IASP Special Interest Group on Helplines Best Practices

Rationale:
The Helplines SIG exists to facilitate exchanges of information and research across helplines services. Helplines continue to play a vital role in suicide prevention, often attracting suicidal help seekers and providing an opportunity to de-escalate suicidal states, explore and reduce distress related to specific crisis issues in a person's life and provide referrals to other services and broader health and community supports. Helplines are often featured in national suicide prevention strategies. In the past ten years, the research on helplines operations and effectiveness has developed, while further work on research, quality standards and measures of performance and effectiveness is warranted. Recent growth and development of online support services and social media outreach, utilising similar principles and techniques to traditional helplines, also requires research, policy and practice attention towards optimal suicide prevention.

Several SIG members are interested in exploring the collection and use of data by helplines for research and service improvement purposes. The SIG will promote and share emerging research findings on the effectiveness and impact of helplines.

Objectives:
To pursue a shared interest in Helplines and related online and social media services for suicide prevention, with a view to making a substantive contribution to improved understanding, practice or policy relating to their operation, effectiveness and impact.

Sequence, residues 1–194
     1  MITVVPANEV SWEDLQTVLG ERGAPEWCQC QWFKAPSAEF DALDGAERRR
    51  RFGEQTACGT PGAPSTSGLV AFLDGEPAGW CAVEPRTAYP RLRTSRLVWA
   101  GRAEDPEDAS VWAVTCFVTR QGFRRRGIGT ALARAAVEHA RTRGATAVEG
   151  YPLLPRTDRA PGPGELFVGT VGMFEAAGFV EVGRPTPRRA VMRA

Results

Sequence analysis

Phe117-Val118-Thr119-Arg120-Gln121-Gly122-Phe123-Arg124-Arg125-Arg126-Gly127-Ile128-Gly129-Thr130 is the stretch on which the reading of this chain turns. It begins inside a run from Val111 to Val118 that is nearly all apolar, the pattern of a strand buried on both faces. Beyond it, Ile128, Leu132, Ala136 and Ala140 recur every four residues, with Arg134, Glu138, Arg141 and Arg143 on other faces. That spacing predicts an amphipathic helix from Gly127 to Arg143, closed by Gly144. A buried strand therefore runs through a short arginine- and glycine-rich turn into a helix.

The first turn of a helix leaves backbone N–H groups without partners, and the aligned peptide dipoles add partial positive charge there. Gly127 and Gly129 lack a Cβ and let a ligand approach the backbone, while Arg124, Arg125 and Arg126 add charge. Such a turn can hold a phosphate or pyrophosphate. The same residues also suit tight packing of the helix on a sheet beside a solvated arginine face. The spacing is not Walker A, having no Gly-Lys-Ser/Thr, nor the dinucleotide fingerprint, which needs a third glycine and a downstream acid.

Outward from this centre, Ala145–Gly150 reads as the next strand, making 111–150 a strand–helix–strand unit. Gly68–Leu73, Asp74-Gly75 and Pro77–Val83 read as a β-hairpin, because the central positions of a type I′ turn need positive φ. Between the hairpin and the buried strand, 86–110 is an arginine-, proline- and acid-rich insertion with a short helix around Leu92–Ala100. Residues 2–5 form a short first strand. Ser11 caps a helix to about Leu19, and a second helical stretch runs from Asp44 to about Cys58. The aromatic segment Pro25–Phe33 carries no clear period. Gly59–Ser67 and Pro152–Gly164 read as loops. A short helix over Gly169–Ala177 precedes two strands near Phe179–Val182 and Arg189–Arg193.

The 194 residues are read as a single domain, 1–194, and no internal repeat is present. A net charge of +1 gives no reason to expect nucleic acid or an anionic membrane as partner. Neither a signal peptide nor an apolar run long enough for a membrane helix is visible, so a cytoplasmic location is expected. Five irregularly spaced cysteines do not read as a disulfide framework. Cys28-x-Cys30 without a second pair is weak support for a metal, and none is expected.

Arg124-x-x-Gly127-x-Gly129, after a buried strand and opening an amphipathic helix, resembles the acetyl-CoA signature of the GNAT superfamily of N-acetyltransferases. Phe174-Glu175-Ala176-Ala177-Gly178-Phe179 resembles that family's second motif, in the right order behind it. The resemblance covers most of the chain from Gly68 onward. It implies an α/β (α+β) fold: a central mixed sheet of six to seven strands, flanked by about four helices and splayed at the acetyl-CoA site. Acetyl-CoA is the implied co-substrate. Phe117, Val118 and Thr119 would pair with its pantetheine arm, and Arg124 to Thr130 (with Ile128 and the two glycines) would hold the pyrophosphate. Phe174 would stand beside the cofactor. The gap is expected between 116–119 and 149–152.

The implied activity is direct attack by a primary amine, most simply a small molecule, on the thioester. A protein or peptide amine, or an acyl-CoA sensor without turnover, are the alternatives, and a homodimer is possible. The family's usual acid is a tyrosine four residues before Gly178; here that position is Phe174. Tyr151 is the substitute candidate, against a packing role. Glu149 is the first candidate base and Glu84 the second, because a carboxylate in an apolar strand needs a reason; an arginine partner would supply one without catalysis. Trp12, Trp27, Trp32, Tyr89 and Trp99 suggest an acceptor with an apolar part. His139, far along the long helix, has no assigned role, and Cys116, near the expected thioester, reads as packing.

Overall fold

Membership note:
The membership of the Helplines SIG includes approximately 50 persons representing more than 30 helplines and various research organisations throughout the world. A Facebook Group to enable Helpline SIG Members to communicate and share information and expertise has been established. We are looking for people who are interested in working with us to progress this very important work. If you are interested in becoming a member, please contact the SIG Co-Chairs.


Co-Chair : Dr. Gillian Murphy is the Asst. Deputy Director for the US National Suicide Prevention Lifeline where she oversees development of clinical best practices in suicide prevention for crisis hotlines engaged in telephone/chat/text based services. Dr. Murphy has over 25 years of experience in crisis intervention and suicide prevention and has worked in a wide range of clinical settings. Dr. Murphy provides clinical supervision and training in crisis management, and the assessment and support of those at risk of suicide, and maintains a private psychotherapy practice in NYC.

Co-Chair : Dr. Elizabeth Scowcroft has worked in suicide prevention for the last decade and is currently the Head of Research and Evaluation at Samaritans UK, leading a programme of action focused research and data analysis, with the ultimate aim of informing policy and practice so that fewer people reach the point where they take their own lives. Dr. Scowcroft is passionate about using research to tell stories that help to create change. Dr. Scowcroft’s academic background is in psychology, and her doctoral research focused on understanding the psychological factors related to suicide. 

SIG Coordinator : Ms. Alena Goldstein is the Program Manager of Research & Evaluation for the National Suicide Prevention Lifeline where she oversees the implementation of helpline evaluations, in addition to national and international research collaborations. Prior to joining the Lifeline and over the past seven years, Ms. Goldstein has worked with investigators on CDC & NIH-funded public health studies. Ms. Goldstein has her MPH in Community Health Education and is interested in novel interventions to promote mental and emotional health and prevent suicide.


If you would like to join this SIG, please contact us.